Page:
Wednesday, 14 March 2012

Commuter hell...

It's not just the hiking around here that rocks, it's the commuting too.  On Tuesday I spent the day working in Burnley - Townley Park to be precise, and very pretty it is too.  I have 2 routes home available to me from there, I can either follow the M65 back to the M6 and zoom north at high speed, or I can drive home along the A682 through the Yorkshire Dales.  During the winter the M65/ M6 usually wins for purely practical reasons, but as soon as the evenings lighten up a little, there really is no contest.  As it is not only impractical, but also highly illegal for me to try and take photos of this amazing route as I tootle along, I shall invite you to make use of Google Maps.  Open a new tab and locate "Blacko" on Google Maps then drag the little orange man into Street View on the A682 and follow me as I head home.

Blacko itself is fairly high up so the route starts with this amazing sense of space and freedom as you head onto the Dales.  There's no dual carriageway along this entire route so patience is called for if you find yourself behind someone a little slower than yourself - but who wants to speed past these amazing views?  Plenty of people actually, so although I stick to a steady 50mph I find I'm regularly pulling over to let those with more pressing engagements zoom past.  The weather isn't always as glorious as it appears to be on the day Google took their pics, but by the time I was heading home on Tuesday there was a breathtaking sunset in progress and it's a wonder I didn't end up embedded in a dry stone wall as I tried to take it all in.

I spent a lot of my life commuting around the M25, specifically the "always rammed with traffic" section between the M40 and the M3 and I'm sure it won't come as any surprise at all to hear I don't miss it one little bit.  Even the M6 is blissful by comparison, especially once you're north of the M55.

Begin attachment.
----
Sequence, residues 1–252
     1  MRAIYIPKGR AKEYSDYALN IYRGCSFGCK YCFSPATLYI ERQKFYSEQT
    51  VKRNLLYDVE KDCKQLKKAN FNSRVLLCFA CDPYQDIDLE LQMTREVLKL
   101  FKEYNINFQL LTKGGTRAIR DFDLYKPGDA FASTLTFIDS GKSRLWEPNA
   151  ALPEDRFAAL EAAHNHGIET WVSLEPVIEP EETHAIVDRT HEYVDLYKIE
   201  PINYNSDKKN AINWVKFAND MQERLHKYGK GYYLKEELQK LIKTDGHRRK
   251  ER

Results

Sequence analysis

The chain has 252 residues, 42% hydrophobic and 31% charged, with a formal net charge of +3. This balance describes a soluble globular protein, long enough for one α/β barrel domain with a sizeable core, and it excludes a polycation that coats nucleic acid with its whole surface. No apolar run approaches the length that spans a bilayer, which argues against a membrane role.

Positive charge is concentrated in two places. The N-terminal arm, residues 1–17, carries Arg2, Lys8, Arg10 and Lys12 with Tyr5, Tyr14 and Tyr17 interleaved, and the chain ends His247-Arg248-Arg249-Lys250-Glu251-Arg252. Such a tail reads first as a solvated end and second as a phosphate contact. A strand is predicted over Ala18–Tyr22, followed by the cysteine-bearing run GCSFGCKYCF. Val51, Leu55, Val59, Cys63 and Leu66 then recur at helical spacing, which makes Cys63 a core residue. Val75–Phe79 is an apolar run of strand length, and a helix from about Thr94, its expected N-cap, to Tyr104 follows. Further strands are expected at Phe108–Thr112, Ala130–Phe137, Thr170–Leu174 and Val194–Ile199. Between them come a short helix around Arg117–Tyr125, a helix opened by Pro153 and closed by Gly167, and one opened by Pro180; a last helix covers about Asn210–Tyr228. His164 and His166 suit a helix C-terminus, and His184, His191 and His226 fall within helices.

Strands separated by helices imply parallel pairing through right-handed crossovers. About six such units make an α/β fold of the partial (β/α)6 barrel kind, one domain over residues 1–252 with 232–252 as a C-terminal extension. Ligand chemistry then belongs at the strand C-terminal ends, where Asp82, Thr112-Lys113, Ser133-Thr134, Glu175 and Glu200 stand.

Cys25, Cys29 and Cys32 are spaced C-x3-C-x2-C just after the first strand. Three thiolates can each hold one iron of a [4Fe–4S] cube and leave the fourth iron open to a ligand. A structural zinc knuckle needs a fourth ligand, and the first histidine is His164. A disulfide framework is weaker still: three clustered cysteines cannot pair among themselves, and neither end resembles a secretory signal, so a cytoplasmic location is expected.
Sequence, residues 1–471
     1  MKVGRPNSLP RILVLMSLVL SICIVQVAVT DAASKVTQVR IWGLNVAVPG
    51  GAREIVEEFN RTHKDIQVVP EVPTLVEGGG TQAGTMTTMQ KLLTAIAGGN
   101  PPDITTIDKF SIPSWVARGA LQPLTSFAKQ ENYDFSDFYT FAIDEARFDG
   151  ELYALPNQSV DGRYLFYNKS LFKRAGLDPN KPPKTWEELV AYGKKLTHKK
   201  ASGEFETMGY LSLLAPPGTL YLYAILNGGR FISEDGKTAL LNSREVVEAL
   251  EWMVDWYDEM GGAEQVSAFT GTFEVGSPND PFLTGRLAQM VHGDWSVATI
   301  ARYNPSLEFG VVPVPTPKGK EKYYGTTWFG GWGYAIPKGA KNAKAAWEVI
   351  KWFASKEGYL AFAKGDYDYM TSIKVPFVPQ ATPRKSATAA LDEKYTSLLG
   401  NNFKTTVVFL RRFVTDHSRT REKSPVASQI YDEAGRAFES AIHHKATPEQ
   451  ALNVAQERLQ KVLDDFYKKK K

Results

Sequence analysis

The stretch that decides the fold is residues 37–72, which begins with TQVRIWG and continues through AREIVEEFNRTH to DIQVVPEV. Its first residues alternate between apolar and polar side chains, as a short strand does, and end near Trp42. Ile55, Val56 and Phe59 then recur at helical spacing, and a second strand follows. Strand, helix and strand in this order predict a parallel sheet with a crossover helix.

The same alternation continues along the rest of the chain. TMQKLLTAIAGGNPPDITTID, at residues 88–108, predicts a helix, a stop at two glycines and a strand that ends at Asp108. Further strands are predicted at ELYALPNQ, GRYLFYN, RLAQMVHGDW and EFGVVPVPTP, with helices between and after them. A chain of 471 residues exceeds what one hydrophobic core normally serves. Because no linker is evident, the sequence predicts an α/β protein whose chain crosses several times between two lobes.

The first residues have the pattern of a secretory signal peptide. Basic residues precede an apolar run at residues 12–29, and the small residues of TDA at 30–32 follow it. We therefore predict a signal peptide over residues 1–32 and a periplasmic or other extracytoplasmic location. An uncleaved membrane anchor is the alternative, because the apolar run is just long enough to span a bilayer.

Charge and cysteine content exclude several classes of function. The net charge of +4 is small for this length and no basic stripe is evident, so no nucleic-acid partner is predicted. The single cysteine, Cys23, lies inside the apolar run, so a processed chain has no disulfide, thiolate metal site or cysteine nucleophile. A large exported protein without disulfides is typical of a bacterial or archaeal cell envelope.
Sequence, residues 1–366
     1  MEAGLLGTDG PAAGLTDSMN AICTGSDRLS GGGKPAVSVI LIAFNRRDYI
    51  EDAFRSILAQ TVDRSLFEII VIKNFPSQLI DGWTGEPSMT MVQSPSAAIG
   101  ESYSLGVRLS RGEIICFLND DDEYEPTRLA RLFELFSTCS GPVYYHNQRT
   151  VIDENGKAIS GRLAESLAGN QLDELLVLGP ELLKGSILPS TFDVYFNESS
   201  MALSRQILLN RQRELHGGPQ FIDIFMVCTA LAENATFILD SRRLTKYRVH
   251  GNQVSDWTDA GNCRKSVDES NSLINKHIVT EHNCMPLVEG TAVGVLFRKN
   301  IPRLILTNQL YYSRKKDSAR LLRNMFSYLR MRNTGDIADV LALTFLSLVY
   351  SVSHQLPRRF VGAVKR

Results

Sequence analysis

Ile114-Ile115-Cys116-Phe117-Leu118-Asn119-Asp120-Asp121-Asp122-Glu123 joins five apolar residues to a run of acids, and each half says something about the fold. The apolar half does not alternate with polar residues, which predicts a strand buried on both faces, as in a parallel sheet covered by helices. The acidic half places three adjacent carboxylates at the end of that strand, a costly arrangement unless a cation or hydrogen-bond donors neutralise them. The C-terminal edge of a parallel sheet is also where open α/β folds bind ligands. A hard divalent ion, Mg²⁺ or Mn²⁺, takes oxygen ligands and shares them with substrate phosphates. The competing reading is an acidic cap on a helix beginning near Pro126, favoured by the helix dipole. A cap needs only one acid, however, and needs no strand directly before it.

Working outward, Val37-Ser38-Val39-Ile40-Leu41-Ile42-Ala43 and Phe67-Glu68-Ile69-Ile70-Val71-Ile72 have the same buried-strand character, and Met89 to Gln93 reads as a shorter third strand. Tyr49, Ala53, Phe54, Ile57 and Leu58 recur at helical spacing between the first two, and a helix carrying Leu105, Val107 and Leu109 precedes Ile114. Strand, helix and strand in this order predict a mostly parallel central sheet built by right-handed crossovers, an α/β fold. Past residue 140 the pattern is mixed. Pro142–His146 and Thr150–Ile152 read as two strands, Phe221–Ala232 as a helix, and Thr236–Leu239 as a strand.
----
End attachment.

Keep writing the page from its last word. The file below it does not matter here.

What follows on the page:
Devil's Bridge, Kirkby Lonsdale
Pretty soon you drop down into Gisburn - which always makes me think of Robin Hood - is this where Guy of Gisburn was from?  Or was that something dreamed up by Kevin Costner?  A quick right/ left over the A59 and you're on your way again.  Incidentally, I've just noticed that on Street View you get to journey through all the seasons along this route - I promise you it won't really take you that long!  By the time you reach Long Preston and the A65 Summer has clearly arrived bringing with it rather more traffic.  Well, more traffic for this route anyway, which is nothing when compared with 8 lanes of stationary vehicles on the M25; the worst we get is the occasional tractor, but they soon pull off into a field or farmyard.

Next up is Settle and, if you're on this route for the first time, then I'm going to insist you take a diversion and visit this lovely little town.  It has an absolutely gorgeous little town square and a very handy petrol station and car park - so there's no excuse not to visit!  Many's the time I've stopped and bought an impromptu picnic from here ready for an alfresco dinner later on along the route.  Plus it's right next to Giggleswick, a place name that can't fail to bring a smile.

Back on the A65 and it's not long before you spot Ingleborough looming large and flat in the distance.  The village of Clapham at its base is another reminder of the rush hour chaos we left behind in the South East.  This Clapham does have a station, but it's a little less busy than Clapham Junction and a whole lot prettier.

Kent Estuary from Grange
Pressing onwards and soon Kirkby Lonsdale appears and with it the perfect opportunity to scoff the picnic dinner I bought in Settle.  Devil's Bridge is very popular with motorcyclists at the weekends, but on a weekday evening it's the perfect spot to unwind after a busy day in the office.

After that it's just a hop, skip and a jump along the A65 to the M6 and over it on to the A590 which soon has me back home in lovely Grange.  There was a time when the journey home was more stressful than a day in the office, but not any more, and for that I shall be eternally grateful.

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